To SCU'LPTURE. v. a. (from the noun.] With fry innumerable swarm, and shoals Of fish, that with their fins and shining scales

To cut ; to engrave. Glide under the green wave, in sculis that oft

Gold, silver, ivory vases sculptur'd high, Bank the mid sea.

Miton,

There are who have pot. SCU'LLCAP. n. s. [scull and cap. ] Scum. n. s. [escume, French; schiuma, 1. A headpiece.

Italian ; skum, Danish; schuym, Dutch.] 2. A nightcap.

1. That which rises to the top of any SCU'LLER. n. s. [Of this word I know liquor.

not the etymology. Skiola is, in Island- The rest had several offices assign'd; ick, a vessel ; and escueille, in French, a Some to remove the scum as it did rise, dish.]

Others to bear the same away did mind,

And others it to use according to his kind. I. A cockboat; a boat in which there is

Fairy Queen. but one rower.

The salt part of the water doth partly rise Her soul already was consign’d to fate,

into a scum on the top, and partly goeth into a And shiv'ring in the leaky sculler sate. Dryden. sediment in the bottom.

Bacon. They hire the sculler, and, when once aboard, Gather'd like scum, and settled to itself, Grow sick, and damn the climate like a lord.

Self-fed and self-consum’d.

Milton Popee

Away, ye scum, 2. One that rows a cockboat.

That still rise upmost when the nation boils. SCU'LLERY. n. s. [from skiola, a vessel,

Drydes Islandick; or escueille, French, a dish.]

They mix a med'cine, to foment their limbs, The place where common utensils, as

With scum that on the molten silver swims. kettles or dishes, are cleaned and kept.

Dryder.

2. The dross : the refuse; the recrement; Pyreicus was famous for counterfeiting base things, as pitchers, a scullery, and setting rogues

that part which is to be thrown away: together by the ears.

Peacham.

There locked unto him all the scum of the SCU'LLION, n. s. [from escueille, French,

Irish out of all places, that ere long he had a mighty army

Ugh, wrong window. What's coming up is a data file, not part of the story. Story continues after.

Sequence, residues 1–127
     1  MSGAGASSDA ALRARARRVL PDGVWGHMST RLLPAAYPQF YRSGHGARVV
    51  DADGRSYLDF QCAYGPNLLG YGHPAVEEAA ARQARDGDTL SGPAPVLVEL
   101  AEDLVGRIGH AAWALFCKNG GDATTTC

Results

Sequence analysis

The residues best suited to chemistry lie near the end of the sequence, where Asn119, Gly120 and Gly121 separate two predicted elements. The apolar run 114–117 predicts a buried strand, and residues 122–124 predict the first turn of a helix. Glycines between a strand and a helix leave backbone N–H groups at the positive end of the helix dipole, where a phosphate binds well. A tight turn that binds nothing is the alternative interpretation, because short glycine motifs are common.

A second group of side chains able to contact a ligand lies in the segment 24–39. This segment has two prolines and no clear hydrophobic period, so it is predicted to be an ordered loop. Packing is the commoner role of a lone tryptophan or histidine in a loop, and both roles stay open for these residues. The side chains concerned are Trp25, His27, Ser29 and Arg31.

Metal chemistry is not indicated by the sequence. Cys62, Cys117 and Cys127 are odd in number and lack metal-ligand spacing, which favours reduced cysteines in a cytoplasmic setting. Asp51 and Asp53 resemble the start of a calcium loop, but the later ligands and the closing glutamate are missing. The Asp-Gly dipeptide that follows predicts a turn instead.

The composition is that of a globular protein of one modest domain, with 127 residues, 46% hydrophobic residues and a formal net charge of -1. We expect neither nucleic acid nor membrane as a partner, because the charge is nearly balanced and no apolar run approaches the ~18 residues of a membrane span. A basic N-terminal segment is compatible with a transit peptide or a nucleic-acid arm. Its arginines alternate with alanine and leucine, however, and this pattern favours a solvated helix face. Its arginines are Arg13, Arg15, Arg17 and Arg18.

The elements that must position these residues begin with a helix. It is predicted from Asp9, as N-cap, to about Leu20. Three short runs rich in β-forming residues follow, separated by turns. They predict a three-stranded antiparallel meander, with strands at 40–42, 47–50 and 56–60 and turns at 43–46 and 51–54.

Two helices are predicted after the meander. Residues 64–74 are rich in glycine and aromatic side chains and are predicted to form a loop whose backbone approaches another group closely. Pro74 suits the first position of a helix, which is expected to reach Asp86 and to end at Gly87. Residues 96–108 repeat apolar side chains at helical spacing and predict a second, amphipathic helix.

Spenser. a dish.] The lowest domestick servant,

Some forty gentlemen excepted, had we the that washes the kettles and the dishes in

very scum of the world, such as their friendsthe kitchen.

thought it an exceeding good gain to be disI must, like a whore, unpack my heart with charged of.

Raleigh. words,

I told thee what would come And fall a-cursing like a very drab,

Of all thy vapouring, base scum.

Hudibros. A scullion, fye upon 't! foh! about my brain. The Scythian and Egyptian seum Shakspeare. Had almost ruin'd Rome.

Roscommon.

Popa.

C

You 'll find, in these hereditary tales,

Banish scurrility and profaneness, and “estrain Your ancestors the scum of broken jails. Dryd. the licentious insolence of poets. Dryden.

The great and innocent are insulted by the SCU'RRILOUS. adj. (scurrilis, Latin.] scum and refuse of the people. Addison. TO SCUM. v. a. (from the noun.] To

Grossly opprobrious; using such lanclear off the scum : commonly written

guage as only the licence of a buffoon and spoken skim.

can warrant; lewdly jocular; vile ; low.

Scurrilous and more than satirical immodesty. A second multitude

Hooker. Severing each kind, and scumm'd the bullion

Let him approach singing. Forewarn him that dross.

Milton. he use no scurrilous words in 's tunes. Sbaksp. Hear, ye sullen pow'rs below; Heår, ye taskers of the dead :

How often is a person, whose intentions are

to do good by the works he publishes, treated in You that boiling cauldrons blow,

as scurrilous a manner as if he were an enemy te You that scum the molten lead !

mankind?

Addison. Dryden and Lee's Oedipus.

Their characters have been often treated with What corns swim upon the top of the brine,

the utmost barbarity and injustice by scurrilous scum off.

Mortimer.
and enraged orators.

Stift, SCU'MBER, n. s. [from scum.] The dung SCU'RRILOUSLY. adv. [from scurrilous.] of a fox.

Ainsworth. With gross reproach; with low bufSCU'MMER. n. 5. (escumoir, French.) A foonery; with lewd merriment.